How Marsha Rowe heard about the new ‘Spare Rib’

I knew nothing of Charlotte Raven’s plan to relaunch Spare Rib until the announcement in the Guardian in April. This was the magazine that I had co-founded. I was flabbergasted.

Charlotte had not contacted me, and we had not exchanged emails. She also could have reached me by by phone or by post.

On Saturday 27 April, I was in Sydney, on the tail end of an emergency two-week trip. I woke to a flurry of emails about the news. Old Spare Ribbers were saying that they were astounded, shocked. They expressed a sense of betrayal, as well as of some interest and hopefulness about a revival. They had strong loyalties to the magazine, its heritage and the value of its name. Why had they, and I, not been contacted, they asked. What about permission? One old Spare Ribber asked: “Did Charlotte think we were dead?” (Extract from Comment is Free)

Marsha explains further:

Charlotte is wrong to say that she contacted the co-founders in March. She failed to reach me. She says that she sent emails, but I never saw them. When she did not hear from me by email, she could have tried contacting me by phone or by post. She did neither.

Rosie and I had our first meeting together with Charlotte on May 17. We told Charlotte then that we wanted to license her the use of the name, but before we could so, we wanted to be confident about her venture. We asked her to delay, so that she could first send us her plans and proposals, and a business plan. We wanted to make sure that the project had a viable infrastructure and that we could ensure the integrity and reputation of the name. She agreed to do this.

We set about registering the name, because we wanted to be able to grant her a licence, once we were happy with her plans.

As Charlotte herself said, the name was iconic, ‘The name still evokes powerful emotions and associations.’ Charlotte had already raised £6,000 on the back of the name, and, by the end of the week following the news of her venture was leaked in the press on April 26, she had raised a total of £27,000.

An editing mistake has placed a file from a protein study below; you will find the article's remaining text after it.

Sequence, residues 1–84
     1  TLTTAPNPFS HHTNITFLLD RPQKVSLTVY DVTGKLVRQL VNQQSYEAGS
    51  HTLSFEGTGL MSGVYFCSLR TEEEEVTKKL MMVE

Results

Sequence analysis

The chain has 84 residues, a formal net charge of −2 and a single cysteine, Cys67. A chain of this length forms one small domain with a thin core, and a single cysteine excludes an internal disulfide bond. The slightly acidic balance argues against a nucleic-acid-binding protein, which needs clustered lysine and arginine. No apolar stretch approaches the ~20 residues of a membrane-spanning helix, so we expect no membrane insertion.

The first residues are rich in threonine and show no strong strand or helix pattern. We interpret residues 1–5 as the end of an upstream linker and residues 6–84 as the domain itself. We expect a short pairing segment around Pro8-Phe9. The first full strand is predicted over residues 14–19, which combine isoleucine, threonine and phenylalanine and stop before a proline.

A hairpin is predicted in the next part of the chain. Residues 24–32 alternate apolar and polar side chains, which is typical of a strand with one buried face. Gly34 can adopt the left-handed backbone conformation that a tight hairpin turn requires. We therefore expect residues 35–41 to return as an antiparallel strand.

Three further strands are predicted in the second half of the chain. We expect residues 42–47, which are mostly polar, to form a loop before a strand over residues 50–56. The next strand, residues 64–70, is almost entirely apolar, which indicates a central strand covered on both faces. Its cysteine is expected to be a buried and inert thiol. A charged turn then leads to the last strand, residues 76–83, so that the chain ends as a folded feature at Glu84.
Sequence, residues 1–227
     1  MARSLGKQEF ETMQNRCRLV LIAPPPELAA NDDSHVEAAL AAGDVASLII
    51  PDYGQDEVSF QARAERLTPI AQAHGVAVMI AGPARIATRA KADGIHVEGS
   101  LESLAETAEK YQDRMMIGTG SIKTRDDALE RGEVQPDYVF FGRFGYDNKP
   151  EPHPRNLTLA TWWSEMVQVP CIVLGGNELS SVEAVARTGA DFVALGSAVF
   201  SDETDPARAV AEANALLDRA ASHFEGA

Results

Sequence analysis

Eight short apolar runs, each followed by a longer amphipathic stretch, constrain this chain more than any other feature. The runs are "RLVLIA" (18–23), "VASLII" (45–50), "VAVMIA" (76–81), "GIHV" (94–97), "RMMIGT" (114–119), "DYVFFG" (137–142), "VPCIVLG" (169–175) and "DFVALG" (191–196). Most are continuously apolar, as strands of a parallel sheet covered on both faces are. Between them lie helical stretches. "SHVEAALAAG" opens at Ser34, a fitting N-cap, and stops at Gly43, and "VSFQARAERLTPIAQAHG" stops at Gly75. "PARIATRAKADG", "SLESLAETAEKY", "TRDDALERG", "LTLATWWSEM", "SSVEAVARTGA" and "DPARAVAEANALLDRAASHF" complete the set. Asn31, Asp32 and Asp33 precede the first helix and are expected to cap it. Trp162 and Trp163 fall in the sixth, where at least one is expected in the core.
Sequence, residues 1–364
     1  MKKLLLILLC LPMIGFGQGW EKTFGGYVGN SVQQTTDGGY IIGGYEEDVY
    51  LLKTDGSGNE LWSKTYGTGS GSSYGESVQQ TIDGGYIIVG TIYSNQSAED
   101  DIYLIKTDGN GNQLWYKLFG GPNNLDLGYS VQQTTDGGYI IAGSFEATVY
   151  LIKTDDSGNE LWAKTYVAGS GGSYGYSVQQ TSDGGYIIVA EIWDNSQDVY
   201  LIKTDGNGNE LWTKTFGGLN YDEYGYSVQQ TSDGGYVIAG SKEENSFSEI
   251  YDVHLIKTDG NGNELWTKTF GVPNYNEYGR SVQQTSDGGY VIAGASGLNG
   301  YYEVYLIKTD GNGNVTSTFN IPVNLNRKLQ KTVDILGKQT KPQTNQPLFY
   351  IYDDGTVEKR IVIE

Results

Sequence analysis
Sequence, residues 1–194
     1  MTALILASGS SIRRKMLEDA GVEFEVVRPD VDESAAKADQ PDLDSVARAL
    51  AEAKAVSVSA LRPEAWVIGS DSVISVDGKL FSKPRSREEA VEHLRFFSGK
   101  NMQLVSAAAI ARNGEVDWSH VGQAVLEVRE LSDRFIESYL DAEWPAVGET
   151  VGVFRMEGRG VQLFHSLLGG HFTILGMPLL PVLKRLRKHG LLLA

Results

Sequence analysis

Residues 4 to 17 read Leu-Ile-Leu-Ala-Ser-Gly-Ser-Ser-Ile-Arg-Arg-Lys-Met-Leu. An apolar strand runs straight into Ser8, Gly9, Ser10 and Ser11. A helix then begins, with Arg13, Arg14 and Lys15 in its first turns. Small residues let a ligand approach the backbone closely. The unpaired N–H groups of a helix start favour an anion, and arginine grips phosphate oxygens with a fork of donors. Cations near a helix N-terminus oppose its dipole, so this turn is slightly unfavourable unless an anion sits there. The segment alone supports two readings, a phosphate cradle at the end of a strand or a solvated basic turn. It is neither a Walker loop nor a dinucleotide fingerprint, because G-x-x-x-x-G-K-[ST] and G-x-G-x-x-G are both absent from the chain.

In fact, Rosie and I had been previously interested in re-starting Spare Rib in some form. I had discussed the idea of a web version two years before, with Angela Phillips, the journalist who took the cover photo for the first issue of Spare Rib. Rosie had, separately, thought about a possible re-launch of a print version. We would, then, have had to register the name as a trademark. But at that time we were both too busy to go ahead, so we did nothing.

This was another reason for our welcoming the approach from Charlotte. We both felt the time had come.  We liked her ideas and we took her venture very seriously. Which was why we put so much effort into wanting to ensure her proposition was viable.

But Charlotte went back on her agreement to pause. As well as further press announcements, she held a public meeting on May 24, and forced us into the unhappy position of sending a lawyer’s letter, saying that we needed to see her plans before we could license her the name.

We first heard of Charlotte’s decision to find another name when the Guardian rang us.


One thought on “How Marsha Rowe heard about the new ‘Spare Rib’

  1. By your own account you wanted to license, and thereby exert control over, something you didn’t actually own or have trademarked. Are you aware how that comes across?

    You talk about the viability of Charlotte Raven’s proposition, and her business plan, as if you were her line manager. Or, worse, Lord Sugar. I think most people will be able to divine what your motives are.

    According to Rosie Millard in the Independent (link below) you have said you own the public lending rights to Spare Rib. Not sure how that would benefit you if the new magazine wasn’t your work.

    Either way, your actions in seeking to strangle this new venture at birth are to be deplored.

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